Now that the World Cup is firmly under way, there are those who are ecstatic and can’t watch enough football (like Nick in our office) and those who couldn’t give a xxxx (like Cheryl who sits next to him!).
Here’s a little help on the matter from one of Speakers Corner’s favourite speakers, Nigel Barlow:
How To Watch The World Cup
By Nigel May Barlow
"For the press, the World Cup is like Christmas. Half of them write blistering articles attacking the English manager, the other half about their strategies for avoiding any sight of football for the month of June.
Far from a world united – non-footballer Jules Rimet’s original dream – we’re witnessing a great schism between the Care-an-Awful-Lots (me included) and the Don’t-Care-A-Jots. Surely there must be ways of bridging this divide? Here are some suggestions. . .
If you’re among the carers, make sure you store up credits before the game. Now is the time to take your daughter swimming or your partner shopping for that digital washer-drier that will free up more time for watching re-runs of The Office. Note: any trips to buy a High Definition TV will be misconstrued and arguments like “You’ll see every blade of grass on Emmerdale” treated with justified scepticism.
If you’re an avoider, try holding your loved one’s hand during key games while flipping through Country Life or similar with the other. You won’t have to do it a lot – hand holding, that is – because your partner’s arm will usually be punching the air or wiping away tears. You will gain enormous kudos just by nodding sympathetically as they quiz the referee’s parentage and eyesight in equal measure.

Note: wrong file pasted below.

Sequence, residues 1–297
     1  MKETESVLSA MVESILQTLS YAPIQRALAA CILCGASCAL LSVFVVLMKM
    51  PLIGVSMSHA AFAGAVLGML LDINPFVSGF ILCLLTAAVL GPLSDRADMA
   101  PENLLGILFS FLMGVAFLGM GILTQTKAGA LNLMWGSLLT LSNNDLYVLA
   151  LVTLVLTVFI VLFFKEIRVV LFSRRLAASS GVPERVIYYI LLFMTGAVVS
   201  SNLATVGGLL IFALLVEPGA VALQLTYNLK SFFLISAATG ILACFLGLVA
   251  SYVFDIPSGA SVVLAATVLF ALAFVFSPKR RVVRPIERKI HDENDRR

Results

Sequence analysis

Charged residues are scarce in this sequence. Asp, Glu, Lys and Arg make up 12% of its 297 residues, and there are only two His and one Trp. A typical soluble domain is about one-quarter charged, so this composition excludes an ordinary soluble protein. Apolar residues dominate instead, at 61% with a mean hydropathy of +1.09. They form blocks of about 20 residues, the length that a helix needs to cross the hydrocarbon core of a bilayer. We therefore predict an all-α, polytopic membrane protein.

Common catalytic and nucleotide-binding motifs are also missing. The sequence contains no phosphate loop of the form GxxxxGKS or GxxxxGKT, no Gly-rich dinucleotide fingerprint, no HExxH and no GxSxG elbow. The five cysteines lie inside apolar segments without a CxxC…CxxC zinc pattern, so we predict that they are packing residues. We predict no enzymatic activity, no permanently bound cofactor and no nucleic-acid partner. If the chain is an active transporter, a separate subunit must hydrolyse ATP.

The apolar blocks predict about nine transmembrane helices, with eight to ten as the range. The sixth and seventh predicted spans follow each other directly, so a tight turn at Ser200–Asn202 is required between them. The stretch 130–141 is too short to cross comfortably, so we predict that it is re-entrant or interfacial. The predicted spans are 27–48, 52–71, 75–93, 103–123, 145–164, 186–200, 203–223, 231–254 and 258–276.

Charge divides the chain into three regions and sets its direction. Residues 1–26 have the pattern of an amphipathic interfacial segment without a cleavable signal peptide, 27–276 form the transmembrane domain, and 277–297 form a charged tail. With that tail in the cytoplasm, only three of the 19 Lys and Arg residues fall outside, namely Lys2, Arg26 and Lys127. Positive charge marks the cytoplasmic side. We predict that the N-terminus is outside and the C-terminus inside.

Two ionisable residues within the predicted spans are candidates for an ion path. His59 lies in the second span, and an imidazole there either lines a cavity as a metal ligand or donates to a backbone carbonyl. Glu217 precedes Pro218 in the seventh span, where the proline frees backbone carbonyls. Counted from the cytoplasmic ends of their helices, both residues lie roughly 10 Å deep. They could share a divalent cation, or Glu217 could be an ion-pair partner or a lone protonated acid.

The phrase, “It’s only a game” should not, repeat not, be uttered by either party. For the fan, it’s disingenuous; for the football hater, it’s the first step toward divorce. Animals and children should not be present in the room unless it’s Mexico v Togo when a small amount of light conversation and non-controversial family arrangements may be discussed during goal-kicks.
Above all, remember that in the relative safety of the Western World, football allows an acceptable outlet for repressed masculine aggression and we will all feel better, fans and non-fans alike, come July 9th.
Or will we?
For the true fan, post-final blues will set in for a month or so. We haven’t had to consider tricky questions like the meaning of life, gas bills, and the economy for a glorious month. Help us to re-enter gently, and the summer will be worth having. I’m ensuring this for myself by putting a large bet on Germany to win in the hope that when they do, I can buy my wife something wonderful for putting up with me, Beckham’s tattoo, and Wayne Rooney’s tender metatarsal.
I’ve never won a bet before, so I’m hoping for some subtle voodoo effect to work in my favour. Then, if England win – as they surely have the potential to – I’ll buy the same present and won’t mind going broke. Here we go!"
Copyright Speakers Corner 2017